What is ironic is that it is precisely concern for the common good that animates the Tea Party movement. The Tea Party supporters are not calling for the abolition of government or rejecting the notion of government regulation and shared social responsibility. Sixty-two percent of Tea Party supporters believe that the benefits of Social Security and Medicare currently outweigh the costs, and only 33% disagree. Fifty-nine percent of Tea Party supporters are in favor of requiring private insurers to cover preexisting conditions. These are hardly anti-government zealots. Rather, the Tea Party movement is premised on the conviction that we have gone too far in the statist direction, and that our excesses of government intervention and expenditure have abridged our Constitutional freedoms, steeped our legislature in corruption and vote-buying, and set our economy on the precipice of severe and enduring decline. It serves no one's interest, and certainly not the interests of the poor and vulnerable, to cripple our economy and hang around its neck a massive albatross of debt. Presumably Wallis would agree that government intervention and taxation can reach an extreme point where it no longer serves but undermines the public good. Tea Party supporters believe that we have passed that point in a headlong sprint.

What also needs to be refuted is the notion that resistance to higher levels of taxation is necessarily selfish. To resent a tax hike (or the prospect of one) is not to neglect the needy, and to wish to retain control over the funds one has secured in order to care for one's family is not necessarily selfish. Conservatives generally are more generous with their giving than liberals, yet they resent it when a distant bureaucracy extracts their money in order to distribute public funds to the special interest groups on whose votes and donations they rely. Conservatives would prefer that care for the needy remain as local and personal as possible. Jobless Joe is more accountable to use the money he is given wisely, and to strive to become self-sufficient as swiftly as possible, when he receives that money from the members of the church down the street. This is not to deny that government services are needed, but it is to refute the notion that "taxed enough already" is a slogan of economic narcissism.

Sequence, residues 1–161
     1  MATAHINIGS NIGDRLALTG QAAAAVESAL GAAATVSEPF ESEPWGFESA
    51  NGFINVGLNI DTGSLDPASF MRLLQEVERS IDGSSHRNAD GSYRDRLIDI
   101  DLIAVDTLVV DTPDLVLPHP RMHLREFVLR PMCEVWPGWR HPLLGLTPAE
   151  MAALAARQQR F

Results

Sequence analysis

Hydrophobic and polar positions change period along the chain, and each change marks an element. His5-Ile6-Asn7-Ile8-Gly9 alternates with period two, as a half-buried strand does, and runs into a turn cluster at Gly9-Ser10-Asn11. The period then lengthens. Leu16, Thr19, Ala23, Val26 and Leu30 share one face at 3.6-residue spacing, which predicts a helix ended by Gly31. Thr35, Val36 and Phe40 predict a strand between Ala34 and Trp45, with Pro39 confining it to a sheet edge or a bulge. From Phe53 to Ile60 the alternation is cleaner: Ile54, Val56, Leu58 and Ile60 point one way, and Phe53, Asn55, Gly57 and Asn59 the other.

6/23/2010 4:00:00 AM
  • Evangelical
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  • Timothy Dalrymple
    About Timothy Dalrymple
    Timothy Dalrymple is the CEO and Chief Creative Officer of Polymath Innovations, a strategic storytelling agency that advances the good with visionary organizations and brands. He leads a unique team of communicators from around North America and across the creative spectrum, serving mission-driven businesses and nonprofits who need a partner to amplify their voice and good works. Once a world-class gymnast whose career ended with a broken neck, Tim channeled his passions for faith and storytelling into his role as VP of Business Development for Patheos, helping to launch and grow the network into the world's largest religion website. He holds a Ph.D. in Religion from Harvard's Graduate School of Arts and Sciences. Tim blogs at Philosophical Fragments.